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Monday, October 1, 2018 at 12:15pm to 1:30pm
Uris Hall, G08
The political economy of Tamil Nadu presents a puzzle: in spite of politics that are generally considered to be unhelpful to development, the state does relatively well in terms both of economic growth and of human development. I will argue that Tamil Nadu is neither a developmental, nor a social democratic state, while having some of the features of both. It is, rather, characterized by Bonapartism. While the state has benn generally supportive of big business, the relationship between the corporate sector and the political elite is distinctly ‘arms-length’. The power and influence of business groups has not ‘grown enormously’, as has been claimed elsewhere. Tamil politicians do not rely on big business for financial resources , but have their own sources of finance, some of them in semi-legal or illegal activities such as sand mining and granite quarrying.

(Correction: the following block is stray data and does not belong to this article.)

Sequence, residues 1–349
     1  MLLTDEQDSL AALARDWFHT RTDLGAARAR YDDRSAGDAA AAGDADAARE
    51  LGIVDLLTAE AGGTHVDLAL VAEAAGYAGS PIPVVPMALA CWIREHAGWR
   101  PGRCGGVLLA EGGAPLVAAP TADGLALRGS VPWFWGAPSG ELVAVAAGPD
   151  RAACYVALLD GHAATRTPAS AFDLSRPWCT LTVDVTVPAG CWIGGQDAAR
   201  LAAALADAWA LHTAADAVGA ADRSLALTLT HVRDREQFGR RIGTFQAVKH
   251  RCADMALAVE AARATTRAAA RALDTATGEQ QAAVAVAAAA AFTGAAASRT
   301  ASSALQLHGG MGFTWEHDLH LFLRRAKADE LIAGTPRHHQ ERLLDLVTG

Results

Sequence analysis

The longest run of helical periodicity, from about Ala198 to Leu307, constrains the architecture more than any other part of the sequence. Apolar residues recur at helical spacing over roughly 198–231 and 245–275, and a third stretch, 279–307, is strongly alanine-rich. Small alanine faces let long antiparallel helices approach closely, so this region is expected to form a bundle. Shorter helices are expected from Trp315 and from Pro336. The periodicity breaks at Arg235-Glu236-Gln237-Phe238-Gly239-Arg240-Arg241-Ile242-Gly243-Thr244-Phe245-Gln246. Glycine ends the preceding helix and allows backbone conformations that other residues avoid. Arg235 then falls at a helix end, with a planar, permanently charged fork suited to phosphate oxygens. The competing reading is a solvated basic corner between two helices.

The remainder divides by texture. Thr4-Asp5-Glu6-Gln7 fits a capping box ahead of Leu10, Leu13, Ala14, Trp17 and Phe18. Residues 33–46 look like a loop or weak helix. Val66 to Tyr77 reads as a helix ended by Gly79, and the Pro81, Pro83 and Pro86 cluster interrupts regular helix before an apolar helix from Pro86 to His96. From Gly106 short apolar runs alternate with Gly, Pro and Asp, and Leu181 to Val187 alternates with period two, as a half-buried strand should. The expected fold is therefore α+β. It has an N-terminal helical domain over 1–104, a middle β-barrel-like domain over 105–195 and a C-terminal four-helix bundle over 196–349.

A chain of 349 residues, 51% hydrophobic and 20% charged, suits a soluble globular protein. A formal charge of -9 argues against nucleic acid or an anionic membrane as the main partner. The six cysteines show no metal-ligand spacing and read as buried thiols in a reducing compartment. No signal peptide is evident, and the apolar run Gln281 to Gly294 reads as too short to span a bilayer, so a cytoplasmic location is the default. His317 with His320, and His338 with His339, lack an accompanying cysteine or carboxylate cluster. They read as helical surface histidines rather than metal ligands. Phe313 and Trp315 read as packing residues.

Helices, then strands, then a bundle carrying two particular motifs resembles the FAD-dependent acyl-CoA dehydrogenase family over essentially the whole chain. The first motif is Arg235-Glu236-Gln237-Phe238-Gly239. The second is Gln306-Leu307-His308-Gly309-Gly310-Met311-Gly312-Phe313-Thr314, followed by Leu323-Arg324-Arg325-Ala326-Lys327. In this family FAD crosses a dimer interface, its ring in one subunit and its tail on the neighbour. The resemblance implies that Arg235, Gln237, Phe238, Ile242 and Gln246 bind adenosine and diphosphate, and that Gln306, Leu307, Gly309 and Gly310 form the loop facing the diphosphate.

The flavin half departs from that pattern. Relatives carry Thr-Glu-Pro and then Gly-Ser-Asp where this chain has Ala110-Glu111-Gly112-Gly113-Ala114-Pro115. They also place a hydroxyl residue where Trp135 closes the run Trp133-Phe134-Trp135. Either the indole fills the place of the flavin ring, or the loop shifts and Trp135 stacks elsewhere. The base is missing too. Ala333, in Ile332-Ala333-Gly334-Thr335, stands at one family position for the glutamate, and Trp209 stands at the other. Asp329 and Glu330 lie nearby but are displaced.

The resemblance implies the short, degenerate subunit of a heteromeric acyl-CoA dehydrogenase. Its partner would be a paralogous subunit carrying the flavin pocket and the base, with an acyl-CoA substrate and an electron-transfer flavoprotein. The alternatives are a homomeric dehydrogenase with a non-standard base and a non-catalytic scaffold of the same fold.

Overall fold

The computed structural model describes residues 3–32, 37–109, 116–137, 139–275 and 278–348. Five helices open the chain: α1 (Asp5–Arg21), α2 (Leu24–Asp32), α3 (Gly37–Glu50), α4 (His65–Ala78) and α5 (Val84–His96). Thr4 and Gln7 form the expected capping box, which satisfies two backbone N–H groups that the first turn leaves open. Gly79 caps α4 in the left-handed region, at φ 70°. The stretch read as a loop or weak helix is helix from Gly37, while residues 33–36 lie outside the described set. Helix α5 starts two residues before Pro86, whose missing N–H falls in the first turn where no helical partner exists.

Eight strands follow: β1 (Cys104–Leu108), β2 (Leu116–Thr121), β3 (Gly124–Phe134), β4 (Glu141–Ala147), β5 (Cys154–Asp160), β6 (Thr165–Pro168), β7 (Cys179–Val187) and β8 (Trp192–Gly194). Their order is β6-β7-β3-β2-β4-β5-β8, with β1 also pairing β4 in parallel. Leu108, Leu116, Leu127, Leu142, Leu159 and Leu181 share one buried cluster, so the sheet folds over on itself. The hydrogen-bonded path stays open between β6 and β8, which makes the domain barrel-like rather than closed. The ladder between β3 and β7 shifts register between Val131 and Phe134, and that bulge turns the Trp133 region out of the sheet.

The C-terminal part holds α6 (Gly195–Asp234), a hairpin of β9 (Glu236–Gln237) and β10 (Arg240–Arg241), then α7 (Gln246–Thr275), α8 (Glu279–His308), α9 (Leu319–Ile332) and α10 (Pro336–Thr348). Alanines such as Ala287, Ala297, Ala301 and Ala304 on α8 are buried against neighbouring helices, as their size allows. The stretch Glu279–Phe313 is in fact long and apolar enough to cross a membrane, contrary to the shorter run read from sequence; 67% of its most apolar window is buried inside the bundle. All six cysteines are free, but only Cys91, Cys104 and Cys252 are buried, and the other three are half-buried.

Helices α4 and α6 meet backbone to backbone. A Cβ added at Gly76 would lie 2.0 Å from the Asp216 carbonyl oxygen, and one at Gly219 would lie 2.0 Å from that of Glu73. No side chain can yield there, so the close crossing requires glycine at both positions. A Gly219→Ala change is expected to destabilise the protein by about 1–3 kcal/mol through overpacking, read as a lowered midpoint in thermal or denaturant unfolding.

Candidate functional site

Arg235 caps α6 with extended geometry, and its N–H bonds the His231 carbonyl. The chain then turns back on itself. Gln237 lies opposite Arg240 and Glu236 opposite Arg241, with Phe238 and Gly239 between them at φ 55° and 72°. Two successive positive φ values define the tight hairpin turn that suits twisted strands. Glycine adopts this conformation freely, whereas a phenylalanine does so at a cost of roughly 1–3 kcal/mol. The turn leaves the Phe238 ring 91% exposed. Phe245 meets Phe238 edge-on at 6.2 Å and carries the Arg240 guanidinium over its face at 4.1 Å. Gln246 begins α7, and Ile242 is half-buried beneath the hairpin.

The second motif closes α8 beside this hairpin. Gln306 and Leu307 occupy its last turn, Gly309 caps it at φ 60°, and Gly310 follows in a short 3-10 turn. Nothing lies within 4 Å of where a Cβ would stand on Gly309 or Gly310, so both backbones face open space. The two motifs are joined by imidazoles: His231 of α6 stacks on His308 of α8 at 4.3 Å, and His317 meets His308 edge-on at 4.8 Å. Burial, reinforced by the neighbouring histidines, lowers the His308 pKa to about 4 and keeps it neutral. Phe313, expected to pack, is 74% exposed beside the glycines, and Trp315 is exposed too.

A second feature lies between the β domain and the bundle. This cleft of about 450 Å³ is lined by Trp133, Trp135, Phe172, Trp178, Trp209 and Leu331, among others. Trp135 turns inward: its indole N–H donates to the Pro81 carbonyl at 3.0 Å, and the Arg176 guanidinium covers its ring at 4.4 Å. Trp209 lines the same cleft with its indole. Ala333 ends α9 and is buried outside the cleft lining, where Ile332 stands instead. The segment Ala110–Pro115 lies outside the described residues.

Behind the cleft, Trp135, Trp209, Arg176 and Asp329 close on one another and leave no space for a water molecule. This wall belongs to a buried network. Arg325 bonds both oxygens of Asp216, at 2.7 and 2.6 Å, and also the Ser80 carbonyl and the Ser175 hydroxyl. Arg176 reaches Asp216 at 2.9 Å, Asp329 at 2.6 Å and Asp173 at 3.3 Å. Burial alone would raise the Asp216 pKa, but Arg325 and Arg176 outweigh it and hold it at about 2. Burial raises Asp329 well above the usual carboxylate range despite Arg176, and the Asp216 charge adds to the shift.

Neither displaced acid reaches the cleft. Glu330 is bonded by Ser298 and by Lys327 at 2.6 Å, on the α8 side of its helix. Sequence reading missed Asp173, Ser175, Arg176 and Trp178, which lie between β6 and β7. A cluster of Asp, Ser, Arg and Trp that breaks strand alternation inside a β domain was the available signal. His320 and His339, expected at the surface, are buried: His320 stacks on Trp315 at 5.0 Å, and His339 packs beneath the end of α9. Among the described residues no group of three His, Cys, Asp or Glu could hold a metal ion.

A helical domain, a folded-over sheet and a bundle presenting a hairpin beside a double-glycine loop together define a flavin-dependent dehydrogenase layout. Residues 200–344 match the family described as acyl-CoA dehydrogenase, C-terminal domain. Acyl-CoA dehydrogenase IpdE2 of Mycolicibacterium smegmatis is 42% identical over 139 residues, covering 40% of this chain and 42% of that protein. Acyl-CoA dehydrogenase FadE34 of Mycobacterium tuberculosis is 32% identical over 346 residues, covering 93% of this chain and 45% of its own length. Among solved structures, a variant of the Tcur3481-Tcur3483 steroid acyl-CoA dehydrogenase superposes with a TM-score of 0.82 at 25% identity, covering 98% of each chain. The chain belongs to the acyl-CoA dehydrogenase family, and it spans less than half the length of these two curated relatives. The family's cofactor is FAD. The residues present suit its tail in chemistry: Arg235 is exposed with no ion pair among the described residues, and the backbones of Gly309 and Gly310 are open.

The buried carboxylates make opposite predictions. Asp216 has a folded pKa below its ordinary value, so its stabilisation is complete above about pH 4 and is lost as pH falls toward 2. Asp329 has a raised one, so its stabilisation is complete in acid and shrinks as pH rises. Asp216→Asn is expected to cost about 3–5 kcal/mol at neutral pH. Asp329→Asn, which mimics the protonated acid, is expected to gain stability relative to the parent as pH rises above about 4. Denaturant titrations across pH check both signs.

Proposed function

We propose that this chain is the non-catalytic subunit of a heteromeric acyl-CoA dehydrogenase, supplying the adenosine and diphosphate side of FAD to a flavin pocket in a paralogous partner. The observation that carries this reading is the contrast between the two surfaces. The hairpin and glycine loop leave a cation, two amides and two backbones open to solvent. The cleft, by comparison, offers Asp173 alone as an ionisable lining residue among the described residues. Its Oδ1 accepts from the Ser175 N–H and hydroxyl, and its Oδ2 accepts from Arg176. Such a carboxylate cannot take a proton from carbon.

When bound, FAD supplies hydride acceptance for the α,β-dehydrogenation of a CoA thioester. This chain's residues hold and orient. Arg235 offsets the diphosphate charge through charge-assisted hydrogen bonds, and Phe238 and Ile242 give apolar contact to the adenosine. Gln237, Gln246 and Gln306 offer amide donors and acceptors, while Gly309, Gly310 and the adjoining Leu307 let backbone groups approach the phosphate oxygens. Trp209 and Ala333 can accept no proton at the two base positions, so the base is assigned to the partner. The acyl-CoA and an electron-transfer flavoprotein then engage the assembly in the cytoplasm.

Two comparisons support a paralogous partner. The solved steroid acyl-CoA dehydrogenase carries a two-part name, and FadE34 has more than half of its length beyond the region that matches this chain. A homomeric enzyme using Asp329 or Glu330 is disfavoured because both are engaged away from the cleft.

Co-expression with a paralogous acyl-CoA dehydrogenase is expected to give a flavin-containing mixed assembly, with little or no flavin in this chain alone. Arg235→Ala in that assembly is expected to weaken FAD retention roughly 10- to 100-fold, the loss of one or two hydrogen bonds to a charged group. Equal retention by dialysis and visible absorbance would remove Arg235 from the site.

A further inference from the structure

John Harriss is Professor of International Studies at Simon Fraser University in Vancouver, having researched and taught previously at the London School of Economics, the University of East Anglia and the University of Cambridge. He has researched in and on India, particularly Tamil Nadu, since the early 1970s. Author of a number of books, including 'Capitalism and Peasant Farming: Agrarian Structure and Ideology in Northern Tamil Nadu', and (with Stuart Corbridge) 'Reinventing India; Economic Liberalism, Hindu Nationalism and Popular Democracy'.